“We’re so proud of Mikayla for giving an articulate defense of vulernable children,” said Mike Fichter, President and CEO of Indiana Right to Life. “Mikayla understands that infanticide is not only unpopular, but also a grave evil and cheapens our humanity. We congratulate Mikayla for placing at the national contest and wish her the best in her future education.”

Indiana Right to Life’s mission is to protect the right to life, especially of unborn children, through positive education, compassionate advocacy and promotion of healthy alternatives to abortion.

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Indiana Abortions Increase for Second Consecutive Year While Ultrasound Law Remains Blocked

INDIANAPOLIS – Indiana Right to Life reviewed new abortion data for 2018 released by the Indiana State Department of Health (ISDH). In 2018 there were 8,037 abortions compared to 7,778 in 2017.

Increase:

For the second consecutive year, the Indiana abortion rate increased. Pro-life leaders expected the increase because a 2016 ultrasound law, which is now before the U.S. Supreme Court, remains blocked by an activist judge.

According to the new data, 65 percent of the abortion numbers increase is attributed to non-Indiana residents, likely a direct result of the ultrasound law blockage. The majority of these abortions are assumed to be a referral from Planned Parenthood in Louisville, Kentucky, to Planned Parenthood abortion facilities in Bloomington and Indianapolis.

The ultrasound law, part of the 2016 Dignity for the Unborn Act signed by then-Gov. Mike Pence, states that women considering abortion be provided with the opportunity to view a fetal ultrasound at least 18 hours prior to an abortion. The ultrasound law was blocked because of a lawsuit brought by Indiana’s largest abortion chain, Planned Parenthood, and the American Civil Liberties Union.

Indiana’s ultrasound provision was blocked through a preliminary injunction in April 2017. The increase of 496 abortions in 2017 compared to 2016 marked the first upward swing in abortions in Indiana since 2009, according to the ISDH’s 2017 Induced Terminated Pregnancy Report.

From July through December 2016, while the ultrasound law was in effect, there were 3,317 abortions in Indiana. During the same period of July through December 2017, after the ultrasound provision was blocked, abortions spiked to 3,813 in Indiana, a 13 percent increase compared to 2016.

Chemical Abortions:

Chemical abortions, the type now being done in South Bend without oversight, can carry serious complications and risks to the woman. Chemical abortions continue to rise; in 2017 there were 2,805 chemical abortions (36 percent) but in 2018 that number rose to 3,296 making up 41 percent of all abortions.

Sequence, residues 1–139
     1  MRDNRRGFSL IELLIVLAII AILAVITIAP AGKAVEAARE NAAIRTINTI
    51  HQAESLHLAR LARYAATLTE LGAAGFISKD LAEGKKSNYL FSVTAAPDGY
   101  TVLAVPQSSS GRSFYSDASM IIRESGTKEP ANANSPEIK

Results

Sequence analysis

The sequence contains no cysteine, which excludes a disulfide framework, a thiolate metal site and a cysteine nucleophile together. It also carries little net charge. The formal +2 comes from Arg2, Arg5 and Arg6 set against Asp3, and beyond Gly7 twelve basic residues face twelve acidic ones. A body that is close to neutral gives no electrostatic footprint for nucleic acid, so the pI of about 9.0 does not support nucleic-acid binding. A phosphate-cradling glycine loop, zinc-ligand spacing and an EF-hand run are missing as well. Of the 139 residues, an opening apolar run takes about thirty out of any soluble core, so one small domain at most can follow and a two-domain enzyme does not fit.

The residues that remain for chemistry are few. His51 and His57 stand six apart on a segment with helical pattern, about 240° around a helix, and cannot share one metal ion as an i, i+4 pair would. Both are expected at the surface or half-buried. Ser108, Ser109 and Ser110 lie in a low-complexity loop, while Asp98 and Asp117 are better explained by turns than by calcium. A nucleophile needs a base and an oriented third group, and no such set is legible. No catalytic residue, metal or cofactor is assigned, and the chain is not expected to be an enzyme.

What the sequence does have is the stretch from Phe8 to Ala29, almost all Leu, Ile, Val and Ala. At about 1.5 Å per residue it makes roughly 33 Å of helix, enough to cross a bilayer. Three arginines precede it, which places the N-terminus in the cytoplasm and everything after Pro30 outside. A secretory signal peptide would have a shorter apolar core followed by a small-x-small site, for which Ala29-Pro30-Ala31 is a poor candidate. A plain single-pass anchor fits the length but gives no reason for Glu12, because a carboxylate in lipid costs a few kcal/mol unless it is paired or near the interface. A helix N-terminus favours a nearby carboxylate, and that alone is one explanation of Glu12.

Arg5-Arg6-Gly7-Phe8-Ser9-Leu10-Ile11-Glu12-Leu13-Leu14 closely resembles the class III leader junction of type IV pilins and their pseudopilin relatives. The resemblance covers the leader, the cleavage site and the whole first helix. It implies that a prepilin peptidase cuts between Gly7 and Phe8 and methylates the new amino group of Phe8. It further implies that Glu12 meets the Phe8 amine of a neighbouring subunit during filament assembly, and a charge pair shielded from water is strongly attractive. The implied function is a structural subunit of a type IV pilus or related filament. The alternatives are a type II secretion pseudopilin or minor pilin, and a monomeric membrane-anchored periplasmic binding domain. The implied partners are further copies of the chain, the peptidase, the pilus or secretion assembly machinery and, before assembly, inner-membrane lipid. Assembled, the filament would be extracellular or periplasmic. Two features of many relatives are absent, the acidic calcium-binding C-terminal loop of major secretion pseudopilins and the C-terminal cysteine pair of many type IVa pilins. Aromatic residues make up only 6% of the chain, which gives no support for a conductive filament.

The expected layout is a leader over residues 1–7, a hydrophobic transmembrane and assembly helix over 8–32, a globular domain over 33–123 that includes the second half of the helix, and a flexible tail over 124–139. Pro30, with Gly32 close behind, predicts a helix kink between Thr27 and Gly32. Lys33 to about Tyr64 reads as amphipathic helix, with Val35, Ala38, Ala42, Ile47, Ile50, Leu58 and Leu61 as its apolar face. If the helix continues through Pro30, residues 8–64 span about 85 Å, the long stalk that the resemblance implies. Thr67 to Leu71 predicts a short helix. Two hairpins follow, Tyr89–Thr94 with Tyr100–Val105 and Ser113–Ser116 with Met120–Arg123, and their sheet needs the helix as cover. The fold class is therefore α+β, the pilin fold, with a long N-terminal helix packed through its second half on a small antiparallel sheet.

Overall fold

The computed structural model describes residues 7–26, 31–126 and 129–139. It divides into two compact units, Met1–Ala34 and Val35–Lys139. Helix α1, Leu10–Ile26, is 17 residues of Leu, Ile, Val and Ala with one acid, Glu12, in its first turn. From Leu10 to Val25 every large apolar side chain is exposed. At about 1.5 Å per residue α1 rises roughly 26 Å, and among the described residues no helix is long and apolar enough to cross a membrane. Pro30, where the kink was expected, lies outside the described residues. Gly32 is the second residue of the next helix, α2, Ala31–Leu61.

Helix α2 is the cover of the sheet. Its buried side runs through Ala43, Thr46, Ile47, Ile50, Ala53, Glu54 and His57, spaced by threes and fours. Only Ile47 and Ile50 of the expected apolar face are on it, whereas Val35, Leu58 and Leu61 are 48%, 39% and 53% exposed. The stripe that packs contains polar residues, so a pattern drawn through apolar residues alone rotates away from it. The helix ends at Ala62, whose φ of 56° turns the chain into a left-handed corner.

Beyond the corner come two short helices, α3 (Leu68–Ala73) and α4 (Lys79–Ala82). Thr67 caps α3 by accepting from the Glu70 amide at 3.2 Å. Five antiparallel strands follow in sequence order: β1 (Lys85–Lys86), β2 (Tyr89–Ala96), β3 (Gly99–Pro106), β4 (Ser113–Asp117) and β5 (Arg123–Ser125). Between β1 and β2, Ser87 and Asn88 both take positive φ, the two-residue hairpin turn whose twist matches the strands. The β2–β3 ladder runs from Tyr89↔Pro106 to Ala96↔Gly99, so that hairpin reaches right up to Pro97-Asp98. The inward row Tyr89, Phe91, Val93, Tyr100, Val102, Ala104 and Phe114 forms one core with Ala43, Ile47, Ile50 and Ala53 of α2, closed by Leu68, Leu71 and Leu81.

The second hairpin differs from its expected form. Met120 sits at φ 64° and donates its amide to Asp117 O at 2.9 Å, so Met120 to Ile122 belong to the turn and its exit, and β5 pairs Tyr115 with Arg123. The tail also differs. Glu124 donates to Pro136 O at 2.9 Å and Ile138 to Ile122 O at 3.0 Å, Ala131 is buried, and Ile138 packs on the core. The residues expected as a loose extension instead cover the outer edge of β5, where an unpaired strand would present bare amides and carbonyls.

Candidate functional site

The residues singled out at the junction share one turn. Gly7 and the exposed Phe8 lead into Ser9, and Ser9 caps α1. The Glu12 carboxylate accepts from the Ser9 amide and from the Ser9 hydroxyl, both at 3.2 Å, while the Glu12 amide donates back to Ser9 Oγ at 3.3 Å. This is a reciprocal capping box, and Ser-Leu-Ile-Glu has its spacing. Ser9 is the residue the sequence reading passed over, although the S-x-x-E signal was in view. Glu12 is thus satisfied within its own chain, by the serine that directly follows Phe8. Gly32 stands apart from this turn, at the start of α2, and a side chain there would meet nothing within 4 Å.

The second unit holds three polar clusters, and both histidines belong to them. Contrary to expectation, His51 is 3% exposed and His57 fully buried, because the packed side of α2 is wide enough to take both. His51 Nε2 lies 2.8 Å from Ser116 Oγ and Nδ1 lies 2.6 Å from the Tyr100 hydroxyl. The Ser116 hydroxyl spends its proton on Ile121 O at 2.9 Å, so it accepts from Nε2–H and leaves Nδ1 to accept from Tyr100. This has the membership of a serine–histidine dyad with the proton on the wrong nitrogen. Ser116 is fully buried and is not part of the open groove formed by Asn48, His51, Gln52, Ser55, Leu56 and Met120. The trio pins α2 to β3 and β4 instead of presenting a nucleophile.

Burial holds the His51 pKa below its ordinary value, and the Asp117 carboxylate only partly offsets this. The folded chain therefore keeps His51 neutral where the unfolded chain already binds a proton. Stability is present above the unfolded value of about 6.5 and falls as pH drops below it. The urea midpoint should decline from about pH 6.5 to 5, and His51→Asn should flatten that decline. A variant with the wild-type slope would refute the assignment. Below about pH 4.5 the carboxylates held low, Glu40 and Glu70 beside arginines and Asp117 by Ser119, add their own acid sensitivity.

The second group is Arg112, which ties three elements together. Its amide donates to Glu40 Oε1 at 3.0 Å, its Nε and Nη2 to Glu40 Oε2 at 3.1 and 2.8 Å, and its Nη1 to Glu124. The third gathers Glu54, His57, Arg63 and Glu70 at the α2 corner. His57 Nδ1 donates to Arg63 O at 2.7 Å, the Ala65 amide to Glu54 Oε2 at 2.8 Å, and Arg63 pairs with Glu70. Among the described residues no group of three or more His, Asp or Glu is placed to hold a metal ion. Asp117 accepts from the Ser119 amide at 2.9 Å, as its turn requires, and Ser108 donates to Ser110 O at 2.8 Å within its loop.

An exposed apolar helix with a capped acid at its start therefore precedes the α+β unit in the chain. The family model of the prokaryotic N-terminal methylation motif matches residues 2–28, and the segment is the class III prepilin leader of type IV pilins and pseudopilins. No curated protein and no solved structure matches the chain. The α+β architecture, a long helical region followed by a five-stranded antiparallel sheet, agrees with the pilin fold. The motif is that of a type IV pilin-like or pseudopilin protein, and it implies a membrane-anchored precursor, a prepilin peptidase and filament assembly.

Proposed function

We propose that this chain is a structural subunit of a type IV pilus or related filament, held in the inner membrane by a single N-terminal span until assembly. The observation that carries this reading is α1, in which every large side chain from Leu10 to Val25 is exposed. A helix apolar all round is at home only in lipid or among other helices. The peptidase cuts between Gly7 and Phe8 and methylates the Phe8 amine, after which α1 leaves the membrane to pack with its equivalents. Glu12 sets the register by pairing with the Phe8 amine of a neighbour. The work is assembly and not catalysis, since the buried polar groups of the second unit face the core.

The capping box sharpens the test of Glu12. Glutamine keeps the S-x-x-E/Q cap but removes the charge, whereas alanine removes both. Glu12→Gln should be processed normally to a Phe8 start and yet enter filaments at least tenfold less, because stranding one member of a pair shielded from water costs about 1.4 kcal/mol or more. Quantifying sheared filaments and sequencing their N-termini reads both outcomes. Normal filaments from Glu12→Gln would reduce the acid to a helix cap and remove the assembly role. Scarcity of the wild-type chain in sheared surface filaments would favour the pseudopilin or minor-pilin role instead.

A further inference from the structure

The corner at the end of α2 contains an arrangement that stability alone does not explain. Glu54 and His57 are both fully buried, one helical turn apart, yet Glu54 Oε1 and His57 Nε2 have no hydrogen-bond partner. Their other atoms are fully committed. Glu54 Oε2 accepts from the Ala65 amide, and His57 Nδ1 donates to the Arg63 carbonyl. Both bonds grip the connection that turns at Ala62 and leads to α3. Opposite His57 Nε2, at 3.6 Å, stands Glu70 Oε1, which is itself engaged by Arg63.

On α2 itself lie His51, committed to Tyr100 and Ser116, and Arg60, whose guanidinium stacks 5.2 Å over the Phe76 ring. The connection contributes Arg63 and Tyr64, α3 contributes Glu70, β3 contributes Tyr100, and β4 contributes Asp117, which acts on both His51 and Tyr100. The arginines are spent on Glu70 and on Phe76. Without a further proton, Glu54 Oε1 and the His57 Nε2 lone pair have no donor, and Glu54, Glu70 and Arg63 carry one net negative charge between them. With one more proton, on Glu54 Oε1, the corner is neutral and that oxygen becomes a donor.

Dismemberment abortions:

In 2018, there were likely 11 dismemberment abortions (listed in the report as procedure type, “Other e.g D&E”). If these abortions were truly dilation and evacuation abortions, or dismemberment abortions, then a fully-alive unborn child had his or her limbs torn off during the procedure. This spring, Indiana lawmakers voted to outlaw dismemberment abortions, but a federal judge last week blocked Indiana’s law.

Out of State:

In 2018, there were 7,263 abortions (90 percent) on Hoosier residents and 774 abortions (10 percent) on out-of-state residents, for a total of 8,037 abortions. In 2017, there were 606 abortions done on non- residents. Planned Parenthood of Indiana and Kentucky does not do any abortions in Kentucky, but the abortion giant likely refers Kentucky women to Indiana for the procedure.

Top Abortion Sites:

Planned Parenthood did the most abortions, 5,579 in 2018. In 2018, there were six abortion facilities throughout the state. Planned Parenthood on Georgetown Road in Indianapolis did the most abortions, 3,284 in 2018.

Our Take:

From Mike Fichter, President and CEO of Indiana Right to Life:

“We mourn the increase in abortions because it means more children who will never have a birthday and more women who were subjected to the lies of the abortion industry. If Indiana’s ultrasound law was still in effect, we would be looking at much different abortion numbers from 2018. We urge the U.S. Supreme Court justices to rule the ultrasound law constitutional in their future session.

“We are hopeful Indiana’s ultrasound law will be found constitutional. The U.S. Supreme Court justices gave us hope this spring as they ruled favorably on Indiana’s fetal disposal law, which mandates dignity for every child.

“Next year, Indiana’s abortion numbers could continue to rise if the South Bend abortion facility is allowed to continue aborting children without an abortion license. Women’s health and safety is in grave danger. We continue to oppose the abortion business in South Bend.

Find the Data:

The full state abortion report is available here.

Indiana Right to Life’s mission is to protect the right to life, especially of unborn children, through positive education, compassionate advocacy and promotion of healthy alternatives to abortion.